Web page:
When you hear that there are revocable trusts and trusts that cannot be revoked, you may wonder why you would voluntarily surrender control of your assets to an irrevocable trust. If you can accomplish the same goals with the ability to revoke the trust, isn’t that the better way to go?
In a perfect world, this would be the case, but there are legal realities that enter the picture here. Let’s look at the differences between these types of trust beyond the general right of revocation.
Revocable Living Trusts
A revocable living trust is actually the most commonly utilized type of trust in the field of estate planning. This is because it can be used as a substitute for a last will.
There are several reasons why many would say that a living trust is the better choice. One of them is the ability to streamline the estate administration process after your passing.
Another benefit is the ability to include spendthrift provision to protect a loved one who may not be great at handling money. You can also account for possible incapacity by naming a disability trustee to manage the trust if you ever suffer from cognitive impairment or another debilitating condition.
You can revoke or rescind this type of trust if you ever want to go that route so you retain complete control. From a broad legal perspective, the assets are still yours so you can remove or add property and change the terms at any time.
It can sometimes be wise to divest yourself of direct ownership of assets for various reasons. When you surrender incidents of ownership, the assets are no longer under your control in the eyes of the law. An irrevocable trust can accomplish this.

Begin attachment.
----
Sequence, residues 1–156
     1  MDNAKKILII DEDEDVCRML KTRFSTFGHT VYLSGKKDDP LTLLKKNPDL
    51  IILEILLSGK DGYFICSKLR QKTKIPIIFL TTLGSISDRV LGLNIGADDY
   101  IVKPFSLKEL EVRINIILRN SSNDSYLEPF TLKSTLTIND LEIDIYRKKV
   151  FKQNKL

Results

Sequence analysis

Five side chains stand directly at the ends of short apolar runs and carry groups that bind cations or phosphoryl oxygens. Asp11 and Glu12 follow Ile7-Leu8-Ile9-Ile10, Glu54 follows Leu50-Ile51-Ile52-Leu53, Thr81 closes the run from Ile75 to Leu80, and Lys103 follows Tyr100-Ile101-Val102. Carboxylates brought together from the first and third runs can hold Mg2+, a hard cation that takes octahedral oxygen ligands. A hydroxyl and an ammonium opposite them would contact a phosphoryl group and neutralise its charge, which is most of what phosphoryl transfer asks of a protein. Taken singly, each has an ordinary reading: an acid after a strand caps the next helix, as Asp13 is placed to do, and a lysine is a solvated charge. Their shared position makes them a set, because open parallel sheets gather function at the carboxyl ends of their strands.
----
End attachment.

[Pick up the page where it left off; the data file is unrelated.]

Self- Settled Asset Protection Trust
One type of irrevocable trust that serves a specific purpose is a self-settled asset protection trust. You can use this type of trust if you want to protect assets from future creditor claims.
They are legal in a number of states, but North Carolina and Kentucky are not among them. People who are seeking this type of protection will sometimes establish asset protection trusts in a state that does recognize these devices.
Most senior citizens will qualify for Medicare when they reach the age of 65. This will provide a reasonably strong health insurance underpinning, but there is one looming expense that is not covered at all.
The majority of elders will need living assistance eventually, and Medicare does not pay for it. Medicaid will pick up the tab for nursing home expenses, but you are probably aware that it is only available to people with a significant level of financial need.
In order to get assets out of your own name to qualify for Medicaid, you could convey them into an irrevocable Medicaid trust. Though you would not have access to the principal, you could continue to receive income generated by assets in the trust.
This arrangement would cease if you were to use the program to pay for a stay in a nursing home. Most of the income would be utilized to defray the nursing home costs.
Estate Tax Savings
Very high net worth individuals have to be concerned about the potential impact of the federal estate tax. It is currently only an issue for a relatively few people because the first $11.58 million can be transferred tax-free. Only the remainder would be subject to taxation.
If you are in this group, you could get assets out of your own name for estate tax savings purposes by conveying them into an irrevocable trust, or multiple trusts. There are a number of options, and the right choice will depend upon the circumstances.
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